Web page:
Toyota looking more and more like World’s Largest Automaker 2019

The data for May are in, and even if it’s early in the year, Toyota Motor Corp pretty much has (barring hell, high water, major wars, or increased Trumpian morosity) decided the race for World’s Largest Automaker for itself.  Not only has Toyota increased its year-on-year increases. The other two contestants, Volkswagen and the Renault-Nissan-Mitsubishi Alliance, are heading further south.

As of May 31, Toyota could increase its output by more than 4%, which in this not so friendly auto market is a feat. Toyota’s sales in all regions of the world (except Oceania) are up.

Volkswagen Group deliveries, down nearly 4% by the end of May, continue to deteriorate. As its headline for May data, the company used “Volkswagen Group expands market share in May,” which is always a bad sign.

Renault-Nissan-Mitsubishi Alliance data, down nearly 8%, look troublesome. The Alliance is down across the board, Renault 6.78%, Mitsubishi 5.5% and Nissan a whopping 9.3%. Apparently, it is very unhealthy  if management attention is on intramural warfare instead on running a powerful car company.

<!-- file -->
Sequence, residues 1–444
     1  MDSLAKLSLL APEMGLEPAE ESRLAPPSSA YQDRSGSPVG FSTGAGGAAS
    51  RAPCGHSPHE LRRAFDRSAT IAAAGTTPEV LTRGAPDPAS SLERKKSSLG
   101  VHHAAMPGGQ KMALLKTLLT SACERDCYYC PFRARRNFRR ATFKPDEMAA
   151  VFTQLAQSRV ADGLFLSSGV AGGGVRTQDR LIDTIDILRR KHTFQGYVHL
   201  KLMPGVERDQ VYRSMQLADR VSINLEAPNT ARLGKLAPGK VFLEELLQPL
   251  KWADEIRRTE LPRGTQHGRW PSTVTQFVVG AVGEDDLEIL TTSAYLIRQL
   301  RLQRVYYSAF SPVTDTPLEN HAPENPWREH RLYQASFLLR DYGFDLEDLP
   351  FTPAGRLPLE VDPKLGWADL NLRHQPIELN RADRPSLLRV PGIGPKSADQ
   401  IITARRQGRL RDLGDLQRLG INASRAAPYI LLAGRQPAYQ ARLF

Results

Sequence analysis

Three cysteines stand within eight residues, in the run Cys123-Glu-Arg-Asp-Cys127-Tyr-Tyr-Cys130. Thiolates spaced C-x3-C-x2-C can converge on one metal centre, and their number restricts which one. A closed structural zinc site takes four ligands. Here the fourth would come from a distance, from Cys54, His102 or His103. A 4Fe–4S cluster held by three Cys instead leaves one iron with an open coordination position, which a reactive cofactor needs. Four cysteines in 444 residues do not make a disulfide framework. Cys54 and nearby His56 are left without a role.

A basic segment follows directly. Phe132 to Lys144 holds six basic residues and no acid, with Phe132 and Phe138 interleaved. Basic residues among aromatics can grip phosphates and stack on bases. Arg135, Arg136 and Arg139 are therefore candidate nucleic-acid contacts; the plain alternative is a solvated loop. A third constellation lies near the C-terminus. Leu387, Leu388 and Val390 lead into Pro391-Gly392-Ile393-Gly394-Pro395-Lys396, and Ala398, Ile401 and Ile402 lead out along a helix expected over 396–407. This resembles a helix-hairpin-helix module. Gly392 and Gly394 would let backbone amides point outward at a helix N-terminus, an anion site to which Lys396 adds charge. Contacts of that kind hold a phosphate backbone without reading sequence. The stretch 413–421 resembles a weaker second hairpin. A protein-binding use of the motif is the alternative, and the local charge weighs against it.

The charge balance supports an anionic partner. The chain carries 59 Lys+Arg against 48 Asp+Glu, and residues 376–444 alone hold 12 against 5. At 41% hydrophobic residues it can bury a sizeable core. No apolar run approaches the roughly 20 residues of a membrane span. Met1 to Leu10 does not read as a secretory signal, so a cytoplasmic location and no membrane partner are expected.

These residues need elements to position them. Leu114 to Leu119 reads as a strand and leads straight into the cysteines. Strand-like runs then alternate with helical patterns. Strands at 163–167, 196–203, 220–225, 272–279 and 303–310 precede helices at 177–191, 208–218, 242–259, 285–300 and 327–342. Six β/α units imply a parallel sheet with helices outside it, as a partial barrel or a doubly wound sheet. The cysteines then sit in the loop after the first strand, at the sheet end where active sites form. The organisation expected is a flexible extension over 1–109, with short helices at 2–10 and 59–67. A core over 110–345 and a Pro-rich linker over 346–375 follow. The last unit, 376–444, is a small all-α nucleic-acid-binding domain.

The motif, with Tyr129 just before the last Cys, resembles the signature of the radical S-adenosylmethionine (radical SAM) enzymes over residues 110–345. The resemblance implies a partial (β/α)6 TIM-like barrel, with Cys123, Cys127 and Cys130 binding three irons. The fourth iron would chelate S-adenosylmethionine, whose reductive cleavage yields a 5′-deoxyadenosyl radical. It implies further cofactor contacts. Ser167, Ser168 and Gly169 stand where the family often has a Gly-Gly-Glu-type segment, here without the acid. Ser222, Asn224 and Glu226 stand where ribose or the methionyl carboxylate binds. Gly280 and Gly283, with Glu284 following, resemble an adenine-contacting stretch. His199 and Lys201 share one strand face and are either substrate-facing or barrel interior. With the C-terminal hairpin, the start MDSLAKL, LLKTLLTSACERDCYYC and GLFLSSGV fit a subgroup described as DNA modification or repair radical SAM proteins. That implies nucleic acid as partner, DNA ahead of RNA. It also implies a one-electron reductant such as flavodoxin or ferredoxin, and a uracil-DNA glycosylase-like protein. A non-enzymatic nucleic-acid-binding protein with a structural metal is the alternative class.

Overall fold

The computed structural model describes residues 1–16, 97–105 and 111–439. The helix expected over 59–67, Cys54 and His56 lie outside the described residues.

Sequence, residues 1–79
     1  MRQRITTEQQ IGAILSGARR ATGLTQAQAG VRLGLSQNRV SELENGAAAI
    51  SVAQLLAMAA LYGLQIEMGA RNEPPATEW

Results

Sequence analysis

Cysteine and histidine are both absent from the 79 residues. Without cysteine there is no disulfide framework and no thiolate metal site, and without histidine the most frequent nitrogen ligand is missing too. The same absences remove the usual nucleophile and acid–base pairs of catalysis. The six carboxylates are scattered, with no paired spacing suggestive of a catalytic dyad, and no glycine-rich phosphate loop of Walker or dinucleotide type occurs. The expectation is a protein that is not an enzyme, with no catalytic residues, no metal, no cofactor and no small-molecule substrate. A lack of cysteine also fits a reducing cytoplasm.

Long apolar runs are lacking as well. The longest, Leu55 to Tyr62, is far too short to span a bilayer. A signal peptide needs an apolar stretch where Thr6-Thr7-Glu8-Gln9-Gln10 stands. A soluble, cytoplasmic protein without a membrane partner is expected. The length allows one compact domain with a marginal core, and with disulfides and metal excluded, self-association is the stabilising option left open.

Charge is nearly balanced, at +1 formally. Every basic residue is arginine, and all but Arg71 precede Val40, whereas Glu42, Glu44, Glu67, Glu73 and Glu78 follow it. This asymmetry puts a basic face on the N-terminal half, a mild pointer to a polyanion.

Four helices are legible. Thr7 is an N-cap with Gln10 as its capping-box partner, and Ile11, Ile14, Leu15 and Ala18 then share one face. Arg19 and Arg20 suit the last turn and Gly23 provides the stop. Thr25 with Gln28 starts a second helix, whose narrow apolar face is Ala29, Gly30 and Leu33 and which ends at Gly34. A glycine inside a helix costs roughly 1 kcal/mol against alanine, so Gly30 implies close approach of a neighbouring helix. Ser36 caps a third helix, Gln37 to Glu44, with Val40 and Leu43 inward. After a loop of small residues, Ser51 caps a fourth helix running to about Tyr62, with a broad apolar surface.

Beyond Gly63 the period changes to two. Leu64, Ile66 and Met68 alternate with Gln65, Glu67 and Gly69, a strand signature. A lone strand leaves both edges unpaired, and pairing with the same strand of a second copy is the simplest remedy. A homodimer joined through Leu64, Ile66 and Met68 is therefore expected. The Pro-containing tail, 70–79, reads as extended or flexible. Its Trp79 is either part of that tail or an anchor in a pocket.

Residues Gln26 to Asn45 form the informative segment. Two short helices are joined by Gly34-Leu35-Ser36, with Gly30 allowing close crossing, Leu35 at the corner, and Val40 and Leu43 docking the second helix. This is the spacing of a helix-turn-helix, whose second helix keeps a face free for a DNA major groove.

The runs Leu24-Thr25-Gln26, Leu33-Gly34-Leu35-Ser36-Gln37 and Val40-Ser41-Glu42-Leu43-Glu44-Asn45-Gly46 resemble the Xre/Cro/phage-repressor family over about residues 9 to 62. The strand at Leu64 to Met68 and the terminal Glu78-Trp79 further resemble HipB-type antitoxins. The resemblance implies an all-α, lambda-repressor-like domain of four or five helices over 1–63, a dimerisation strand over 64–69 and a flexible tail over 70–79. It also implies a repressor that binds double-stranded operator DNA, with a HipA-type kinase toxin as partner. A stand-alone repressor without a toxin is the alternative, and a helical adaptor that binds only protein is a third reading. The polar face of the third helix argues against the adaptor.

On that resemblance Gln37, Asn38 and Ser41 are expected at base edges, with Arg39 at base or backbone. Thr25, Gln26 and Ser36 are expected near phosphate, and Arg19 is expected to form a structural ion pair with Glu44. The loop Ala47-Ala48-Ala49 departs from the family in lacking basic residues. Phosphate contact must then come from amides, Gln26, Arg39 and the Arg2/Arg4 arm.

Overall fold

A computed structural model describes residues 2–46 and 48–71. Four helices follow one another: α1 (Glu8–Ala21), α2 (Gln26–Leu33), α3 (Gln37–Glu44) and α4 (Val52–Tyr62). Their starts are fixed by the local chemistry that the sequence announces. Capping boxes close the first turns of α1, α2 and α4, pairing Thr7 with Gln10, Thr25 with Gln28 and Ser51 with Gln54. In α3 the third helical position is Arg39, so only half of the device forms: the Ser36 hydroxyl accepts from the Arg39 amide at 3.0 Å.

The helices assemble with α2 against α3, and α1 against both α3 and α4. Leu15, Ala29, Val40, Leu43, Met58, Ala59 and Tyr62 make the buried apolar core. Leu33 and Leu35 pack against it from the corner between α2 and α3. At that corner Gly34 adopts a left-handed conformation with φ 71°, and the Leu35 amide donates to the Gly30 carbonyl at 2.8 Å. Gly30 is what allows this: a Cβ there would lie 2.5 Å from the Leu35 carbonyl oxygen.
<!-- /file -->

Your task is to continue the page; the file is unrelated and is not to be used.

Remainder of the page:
And now the necessary caveat:

The race for World’s Largest Automaker is not decided by sales, but by production, and this analysis attempts to track production, not sales, because this is how the world automaker umbrella organization OICA ranks automakers.

Due to the different methodologies of their measurement, “sales” numbers have proven to be unreliable, and prone to ‘sales reporting abuses,” as recent scandals in the U.S., along with rampant “self-registrations” in the EU have shown.

At the same time, data reported by automakers are becoming increasingly hard to compare.

Toyota reports production and sales. Volkswagen reports “deliveries” to wholesale – which can be cars dumped on dealer lots, or actual sales to customers. The Alliance numbers used to be a blend of production data reported by Nissan and Mitsubishi, and deliveries reported by Renault. As of September 2018, Renault started to report sales only, forcing us to use those. 

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